Kids generally hate eating greens. It’s pretty universal. And the habits we form in childhood often carry over into our adult lives. You know they’re good for you, but it seems your brain doesn’t recognize a plate of spinach as a viable option when there’s a burger sitting right next to it. Again, it comes down to habit and what your brain and taste buds are used to.
‘Sneaking’ vegetables into your comfort foods can help you on the road to more healthy eating. For example:
- Adding leafy greens like spinach or kale into smoothies
- Juicing carrots, cucumbers and avocados
- Mixing with eggs to makes frittatas
- Mixing vegetables in with mashed potato
- Use lettuce for wraps instead of using bread or tortillas
- Pureed vegetables can be used in a lot of meat dishes
- Soups are a great ways to eat more vegetables
And there are loads more ways! Get creative and remember to think about vegetables in terms of an ingredient, rather than just a side dish.
Another option is to introduce ‘superfoods’ as an ingredient for both your regular meals and for smoothies.
3. Using a smaller plate
Often people put on weight not just because of what they eat, but how much they eat. An old dieting trick is to use a smaller plate. This is not simply because it holds less food, but also because it creates the illusion of more food, which tricks your brain into thinking you’ve eaten more.
Another variation on this is to use a bigger fork, which makes you eat less food. It sounds a bit ridiculous, but there was actually a study done in a restaurant where half the customers were given forks that were 20% larger than regular and they found that those with the bigger forks left significantly more food on their plates than those with smaller forks.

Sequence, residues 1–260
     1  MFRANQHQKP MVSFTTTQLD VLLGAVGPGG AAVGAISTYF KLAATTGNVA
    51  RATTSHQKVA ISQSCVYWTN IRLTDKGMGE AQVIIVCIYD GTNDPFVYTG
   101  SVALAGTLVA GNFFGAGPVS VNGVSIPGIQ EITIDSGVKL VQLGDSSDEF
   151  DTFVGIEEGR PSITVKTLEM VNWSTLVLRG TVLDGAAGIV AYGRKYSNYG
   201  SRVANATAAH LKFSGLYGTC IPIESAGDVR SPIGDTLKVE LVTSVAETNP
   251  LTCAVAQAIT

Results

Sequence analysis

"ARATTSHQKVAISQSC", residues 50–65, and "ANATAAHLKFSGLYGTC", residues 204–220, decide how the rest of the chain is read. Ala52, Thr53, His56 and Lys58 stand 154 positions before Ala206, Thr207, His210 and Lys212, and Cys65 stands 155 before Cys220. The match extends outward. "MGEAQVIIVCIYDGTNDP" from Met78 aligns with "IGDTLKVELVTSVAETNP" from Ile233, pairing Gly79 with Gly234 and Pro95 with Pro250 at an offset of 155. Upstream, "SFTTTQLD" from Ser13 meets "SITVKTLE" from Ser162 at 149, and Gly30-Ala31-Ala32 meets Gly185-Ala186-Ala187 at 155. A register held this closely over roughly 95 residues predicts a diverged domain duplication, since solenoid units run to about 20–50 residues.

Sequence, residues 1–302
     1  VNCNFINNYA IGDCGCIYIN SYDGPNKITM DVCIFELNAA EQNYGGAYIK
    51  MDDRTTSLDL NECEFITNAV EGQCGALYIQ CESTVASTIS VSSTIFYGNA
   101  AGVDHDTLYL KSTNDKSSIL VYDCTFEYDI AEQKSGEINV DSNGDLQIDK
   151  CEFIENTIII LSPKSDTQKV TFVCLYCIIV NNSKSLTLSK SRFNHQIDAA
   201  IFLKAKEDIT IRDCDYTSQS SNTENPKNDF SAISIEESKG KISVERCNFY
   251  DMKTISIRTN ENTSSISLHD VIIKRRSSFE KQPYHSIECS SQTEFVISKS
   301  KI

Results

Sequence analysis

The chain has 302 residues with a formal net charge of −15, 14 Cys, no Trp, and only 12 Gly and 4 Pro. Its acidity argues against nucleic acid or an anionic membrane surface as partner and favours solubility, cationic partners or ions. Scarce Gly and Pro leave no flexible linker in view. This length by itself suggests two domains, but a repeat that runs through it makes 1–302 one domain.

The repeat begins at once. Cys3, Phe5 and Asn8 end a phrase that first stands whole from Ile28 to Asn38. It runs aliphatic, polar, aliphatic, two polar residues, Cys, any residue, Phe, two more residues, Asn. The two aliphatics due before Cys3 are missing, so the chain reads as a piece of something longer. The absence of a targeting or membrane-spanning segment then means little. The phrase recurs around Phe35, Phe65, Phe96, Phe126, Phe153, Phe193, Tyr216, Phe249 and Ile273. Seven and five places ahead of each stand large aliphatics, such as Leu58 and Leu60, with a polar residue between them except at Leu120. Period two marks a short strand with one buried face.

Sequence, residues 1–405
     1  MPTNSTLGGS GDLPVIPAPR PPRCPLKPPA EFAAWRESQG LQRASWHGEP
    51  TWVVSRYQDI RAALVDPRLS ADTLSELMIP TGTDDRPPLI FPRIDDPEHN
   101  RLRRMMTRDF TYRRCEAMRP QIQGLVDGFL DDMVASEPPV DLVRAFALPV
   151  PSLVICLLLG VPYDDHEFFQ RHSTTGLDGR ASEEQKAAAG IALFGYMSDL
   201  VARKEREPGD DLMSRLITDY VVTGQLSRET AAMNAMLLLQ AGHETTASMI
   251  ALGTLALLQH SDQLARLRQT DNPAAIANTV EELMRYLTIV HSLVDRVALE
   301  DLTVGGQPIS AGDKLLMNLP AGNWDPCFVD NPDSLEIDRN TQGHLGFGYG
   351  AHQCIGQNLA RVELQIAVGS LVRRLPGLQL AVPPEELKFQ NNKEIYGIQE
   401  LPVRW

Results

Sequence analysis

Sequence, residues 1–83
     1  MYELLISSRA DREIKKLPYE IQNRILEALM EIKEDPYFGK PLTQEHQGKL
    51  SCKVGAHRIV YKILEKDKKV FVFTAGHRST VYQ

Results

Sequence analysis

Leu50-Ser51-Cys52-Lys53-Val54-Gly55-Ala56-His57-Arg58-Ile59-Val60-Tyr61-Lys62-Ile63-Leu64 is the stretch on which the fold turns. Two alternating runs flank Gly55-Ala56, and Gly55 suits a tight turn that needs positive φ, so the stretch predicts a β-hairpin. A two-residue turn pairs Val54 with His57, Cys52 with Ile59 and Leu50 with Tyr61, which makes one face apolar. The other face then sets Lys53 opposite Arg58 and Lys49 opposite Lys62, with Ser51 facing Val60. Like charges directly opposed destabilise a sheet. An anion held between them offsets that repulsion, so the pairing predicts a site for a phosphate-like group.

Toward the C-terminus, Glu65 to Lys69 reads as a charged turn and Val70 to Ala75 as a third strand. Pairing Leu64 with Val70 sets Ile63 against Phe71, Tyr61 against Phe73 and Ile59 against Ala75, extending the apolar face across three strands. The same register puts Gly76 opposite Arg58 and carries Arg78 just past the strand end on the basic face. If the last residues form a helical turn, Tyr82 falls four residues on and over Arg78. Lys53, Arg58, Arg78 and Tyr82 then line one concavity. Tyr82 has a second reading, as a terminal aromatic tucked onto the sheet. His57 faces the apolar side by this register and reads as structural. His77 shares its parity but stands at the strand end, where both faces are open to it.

The researchers suggested that the reason for this was because the diners’ focus was on the visual cue of whether they were making any dent in the amount of food on their plates, so the smaller fork (compared to the larger fork) appeared to provide less satisfactory progress. In other words, the diners felt they were not making much of a dent in consuming their food and, hence, satisfying their hunger. This, in turn, focused diners to put in more effort (e.g., more forkfuls) towards satiating their hunger. And as a result, diners with the smaller forks consumed more food than those using larger forks.
4. Keeping fruit and other healthy items visible
Having healthy snacks, like fruits, vegetables and nuts on display and within reach can drastically alter your snacking habits. If you put a bowl of fruit on the table where you pass regularly, you are more likely to grab that apple that if it were hidden away in the back of the fridge. The same applies to the fridge itself – you need to keep the healthy stuff at the front and maybe even in clear containers or bags, clean and ready to eat as soon as you grab them.
5. Drinking flavoured water
Water plays an important role in our diet and eating habits. It hydrates the body without adding calories and can assist weight-loss. Many people find it hard to take on an adequate amount of water, simply because they hate the fact that water doesn’t have any taste. To make water more appealing, try some infusing it with some fruit slices like oranges, lemons, lime, cucumber and you can even add herbs. This not only makes water taste better, but has the added benefit of providing you with more antioxidants and vitamins.
6. Cooking meals in batches
Cooking healthy food in batches ensures that you have enough meals for the days ahead. A lot of bad food choices are made when we don’t plan what we are going to eat and so we end up grabbing stuff on the go or ordering take-away because we haven’t stocked the fridge.
Preparing a batch of chili or lasagna for several meals in advance makes it less likely that you will make bad meal choices and so you’re kind of tricking yourself into healthy eating by just being organized!
7. Eating with soft lighting and music
There was a study done by Cornell University showing that softer lighting and mellow music like soft jazz can influence people to eat less. Researchers found that people who dine at places where the light and music are soft tend to eat around 18 percent less food than people who dine in a regular setting.